When you run, you not only strain the knees, but also put a lot of pressure on them. The high level or low level of friction may result to inflammation, pain and swelling of the knees. If you are experiencing knee pain after running, then you might consider taking some natural remedies like bromelain, which can help in healing the underlying inflammation as well as the damage caused to the knee. There are several other treatment options that one can adapt to counter running pain.
An aching pain that occurs around the kneecap is most likely caused by a condition called the runners knee. It is also called Patellofemoral Pain Syndrome or Stress Syndrome. This condition occurs if you have suffered an injury, overused the muscles in your training time and/or dislocation. It is one of the most common causes of knee pain among athletes and runners, teens and adults. Symptoms vary depending on the extent of damage caused to the knee area. Some of the symptoms include;
- Pain near the kneecap (patella) and below it.
- Grinding when flexing or extending the knee
- Pain while walking or running downhill or walking downstairs
- Direct pressure on the kneecap causes pain
- Swelling around the patella
Read and learn more on the runners knee treatment options.
The first thing to do in order to relieve pain symptoms is to rest the knee, by avoiding putting any weight on it, avoiding activities that may cause extra stress such as squatting and high impact exercises like running. Squatting or kneeling causes extra pressure between the femur and patella. Not until when the pain and the burning sensation subsides, then you can slowly engage in light activities. Low impact activities like working out on elliptical trainers or swimming are fine. While resting the knee, keep it elevated above the heart.
Consider engaging in exercises, particularly those that strengthen and stretch your quadriceps (muscles of the front thigh) and hamstrings (back of thigh muscles). Exercises that are emphasized in several cases are those that strengthen the inner divisions of the quadriceps. These are very effective. You can isolate a few minutes of your time and focus on these muscles a couple of times in a day. It is important that you be patient for it can take a few weeks to notice any improvement.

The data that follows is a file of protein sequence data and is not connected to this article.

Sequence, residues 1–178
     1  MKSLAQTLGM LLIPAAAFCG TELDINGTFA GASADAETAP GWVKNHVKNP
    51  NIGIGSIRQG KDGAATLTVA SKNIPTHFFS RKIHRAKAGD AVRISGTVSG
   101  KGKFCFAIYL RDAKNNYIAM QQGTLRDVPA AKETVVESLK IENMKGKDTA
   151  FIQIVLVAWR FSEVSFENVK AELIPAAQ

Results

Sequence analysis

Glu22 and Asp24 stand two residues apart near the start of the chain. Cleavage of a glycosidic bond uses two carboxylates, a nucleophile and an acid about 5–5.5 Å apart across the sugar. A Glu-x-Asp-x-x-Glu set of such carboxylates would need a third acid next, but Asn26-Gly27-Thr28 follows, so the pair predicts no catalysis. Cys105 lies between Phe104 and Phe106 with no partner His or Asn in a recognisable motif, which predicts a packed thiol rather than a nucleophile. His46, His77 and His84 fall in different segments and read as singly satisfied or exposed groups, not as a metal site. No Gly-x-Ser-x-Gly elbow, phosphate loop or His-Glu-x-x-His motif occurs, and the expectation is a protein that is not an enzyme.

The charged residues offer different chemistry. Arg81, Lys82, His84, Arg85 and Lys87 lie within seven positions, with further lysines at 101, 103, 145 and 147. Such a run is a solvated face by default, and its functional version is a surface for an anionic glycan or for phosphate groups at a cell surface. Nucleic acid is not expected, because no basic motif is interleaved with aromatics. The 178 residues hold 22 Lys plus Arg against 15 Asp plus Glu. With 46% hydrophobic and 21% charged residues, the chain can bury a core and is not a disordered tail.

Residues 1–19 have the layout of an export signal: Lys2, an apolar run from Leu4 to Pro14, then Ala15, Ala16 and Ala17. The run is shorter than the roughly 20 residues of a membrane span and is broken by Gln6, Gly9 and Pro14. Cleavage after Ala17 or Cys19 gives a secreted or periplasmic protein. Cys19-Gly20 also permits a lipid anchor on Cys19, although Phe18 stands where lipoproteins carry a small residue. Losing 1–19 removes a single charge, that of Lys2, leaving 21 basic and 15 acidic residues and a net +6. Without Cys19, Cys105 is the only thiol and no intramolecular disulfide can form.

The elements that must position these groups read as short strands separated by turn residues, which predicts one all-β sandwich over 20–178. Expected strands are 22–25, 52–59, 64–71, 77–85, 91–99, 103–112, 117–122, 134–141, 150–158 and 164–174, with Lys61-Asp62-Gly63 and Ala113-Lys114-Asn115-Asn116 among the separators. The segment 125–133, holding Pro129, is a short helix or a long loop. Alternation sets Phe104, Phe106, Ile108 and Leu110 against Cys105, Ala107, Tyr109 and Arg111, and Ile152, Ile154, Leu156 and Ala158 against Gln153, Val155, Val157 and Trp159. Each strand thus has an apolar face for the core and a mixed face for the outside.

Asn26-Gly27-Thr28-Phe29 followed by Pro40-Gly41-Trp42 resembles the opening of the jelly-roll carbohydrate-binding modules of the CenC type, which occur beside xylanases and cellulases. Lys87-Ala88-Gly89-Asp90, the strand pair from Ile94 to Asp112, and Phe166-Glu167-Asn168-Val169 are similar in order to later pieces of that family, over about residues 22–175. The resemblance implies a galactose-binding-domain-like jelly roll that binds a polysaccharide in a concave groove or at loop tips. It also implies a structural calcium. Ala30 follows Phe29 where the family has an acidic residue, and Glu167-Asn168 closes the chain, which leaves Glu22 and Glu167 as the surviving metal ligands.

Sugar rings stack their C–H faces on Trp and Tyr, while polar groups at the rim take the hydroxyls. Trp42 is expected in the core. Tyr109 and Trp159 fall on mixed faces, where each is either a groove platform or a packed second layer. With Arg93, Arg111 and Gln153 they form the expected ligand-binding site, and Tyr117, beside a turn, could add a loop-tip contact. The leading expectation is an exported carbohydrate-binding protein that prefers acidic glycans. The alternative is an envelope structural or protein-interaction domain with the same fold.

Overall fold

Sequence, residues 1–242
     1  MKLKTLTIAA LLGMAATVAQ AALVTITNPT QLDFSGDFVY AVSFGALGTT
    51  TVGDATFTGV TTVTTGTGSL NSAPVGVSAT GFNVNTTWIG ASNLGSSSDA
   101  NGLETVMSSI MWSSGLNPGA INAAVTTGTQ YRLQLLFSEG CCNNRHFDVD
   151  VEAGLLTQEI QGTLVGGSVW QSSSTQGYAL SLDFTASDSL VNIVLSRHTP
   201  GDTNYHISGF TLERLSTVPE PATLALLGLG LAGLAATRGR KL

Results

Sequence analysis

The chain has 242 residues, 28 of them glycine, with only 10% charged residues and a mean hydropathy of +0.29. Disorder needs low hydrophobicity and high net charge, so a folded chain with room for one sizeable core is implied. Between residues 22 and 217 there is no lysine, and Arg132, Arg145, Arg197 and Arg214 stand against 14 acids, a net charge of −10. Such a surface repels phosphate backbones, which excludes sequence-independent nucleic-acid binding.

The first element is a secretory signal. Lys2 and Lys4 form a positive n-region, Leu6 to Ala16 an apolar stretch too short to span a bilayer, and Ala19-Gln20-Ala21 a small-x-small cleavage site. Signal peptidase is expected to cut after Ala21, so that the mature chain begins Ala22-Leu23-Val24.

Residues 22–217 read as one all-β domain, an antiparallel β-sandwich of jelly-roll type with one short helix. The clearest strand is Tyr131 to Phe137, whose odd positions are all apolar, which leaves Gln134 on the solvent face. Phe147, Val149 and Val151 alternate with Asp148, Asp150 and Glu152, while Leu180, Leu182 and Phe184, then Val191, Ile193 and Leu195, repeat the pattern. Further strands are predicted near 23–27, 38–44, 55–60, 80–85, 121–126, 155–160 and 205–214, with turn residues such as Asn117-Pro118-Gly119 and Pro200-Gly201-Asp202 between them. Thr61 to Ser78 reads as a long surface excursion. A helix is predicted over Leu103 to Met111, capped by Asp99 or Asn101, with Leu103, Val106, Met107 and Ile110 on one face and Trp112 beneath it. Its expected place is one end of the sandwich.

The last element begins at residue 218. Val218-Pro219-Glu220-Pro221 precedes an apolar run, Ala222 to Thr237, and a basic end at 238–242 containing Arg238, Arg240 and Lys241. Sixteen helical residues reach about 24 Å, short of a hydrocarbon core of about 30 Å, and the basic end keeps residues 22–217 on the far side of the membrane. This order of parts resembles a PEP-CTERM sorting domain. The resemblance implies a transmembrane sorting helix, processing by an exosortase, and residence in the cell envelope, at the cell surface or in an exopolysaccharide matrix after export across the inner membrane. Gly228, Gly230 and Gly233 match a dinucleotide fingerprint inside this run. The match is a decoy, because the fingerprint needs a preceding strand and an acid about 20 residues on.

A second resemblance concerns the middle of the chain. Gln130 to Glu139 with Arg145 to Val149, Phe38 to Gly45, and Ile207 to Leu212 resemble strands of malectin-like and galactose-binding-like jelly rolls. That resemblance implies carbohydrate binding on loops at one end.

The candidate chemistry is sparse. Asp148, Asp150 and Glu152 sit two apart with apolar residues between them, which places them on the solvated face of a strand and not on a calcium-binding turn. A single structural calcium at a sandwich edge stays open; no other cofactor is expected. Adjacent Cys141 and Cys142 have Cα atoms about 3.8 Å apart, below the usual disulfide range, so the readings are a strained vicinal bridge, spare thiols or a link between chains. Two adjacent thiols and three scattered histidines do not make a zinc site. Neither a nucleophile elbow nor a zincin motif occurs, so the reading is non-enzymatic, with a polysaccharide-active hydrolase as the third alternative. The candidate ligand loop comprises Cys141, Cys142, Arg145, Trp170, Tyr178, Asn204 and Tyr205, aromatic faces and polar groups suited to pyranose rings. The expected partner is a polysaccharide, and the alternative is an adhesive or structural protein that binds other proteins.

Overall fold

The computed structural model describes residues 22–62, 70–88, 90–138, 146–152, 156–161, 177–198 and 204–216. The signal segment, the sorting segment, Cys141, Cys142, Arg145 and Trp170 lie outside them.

In some cases, you may require surgery in order to treat the knee injury from running. However, surgery as a runners knee treatment option should be the last resort, and should only be considered when all the exercise programs to correct muscle imbalances fail. It is also necessary if there are any significant structural imbalances in the area and if the knee does not respond to prescribed medications. Surgery stops pain symptoms from the knee. There are two surgical options for runners knee treatment; arthroscopy and realignment. Arthroscopy removes damaged cells while realignment surgery realigns the kneecap back into position.
Apply ice to the patella, femur and upper shin area for about 15 minutes in every 2 hours. After exercising, you can also apply ice in order to reduce pain, inflammation and swelling. While icing, elevate the knee above the heart level to help reduce inflammation. Do not ice for over 20 minutes, and discontinue if you feel uncomfortable.
5. Consider remedies
Remedies are considered as long term pain relievers. To obtain long term relief, you must control the biochemical abnormality in the feet that causes the trochlear groove and patella to rub abnormally against each other with force. The pain may not subside completely, or may recur unless the problem is quickly and properly resolved. This abnormality can be treated by stabilizing the feet and providing proper shock absorption, in order to absorb the abnormal forces in the feet and avoid spreading to the knee. Custom made sports orthotics provide one of the best ways of effectively treating this problem.
6. Over the counter drugs and supplements
Glucosamine chondroitin, an over the counter supplement, is one of the safest and commonly used supplement. Non-steroid anti-inflammatory drugs (NSADs) are also recommended by doctors. Supplements can take up to 3 months to notice any effects, it is therefore recommended that you take consistently.
These can only be used in extreme pain situations, and should be minimized as they can damage the tissues in the joints. Hyaluronic injection produces cushion and lubrication in the joint thus reducing pain. This however varies from one person to another.
In conclusion, treatment options vary depending on the problem causing the knee pain. Usually, non-surgical treatment options are considered, but in the event that these options do not relieve the pain symptoms, surgery may be inevitable. Rest, ice, avoid high impact exercises and exercise occasionally to reduce knee pain. Remember to elevate the knee. Anti-inflammatories can also be administered in order to reduce inflammation and swelling. Arthroscopy and realignment may be recommended if symptoms persist for long periods time.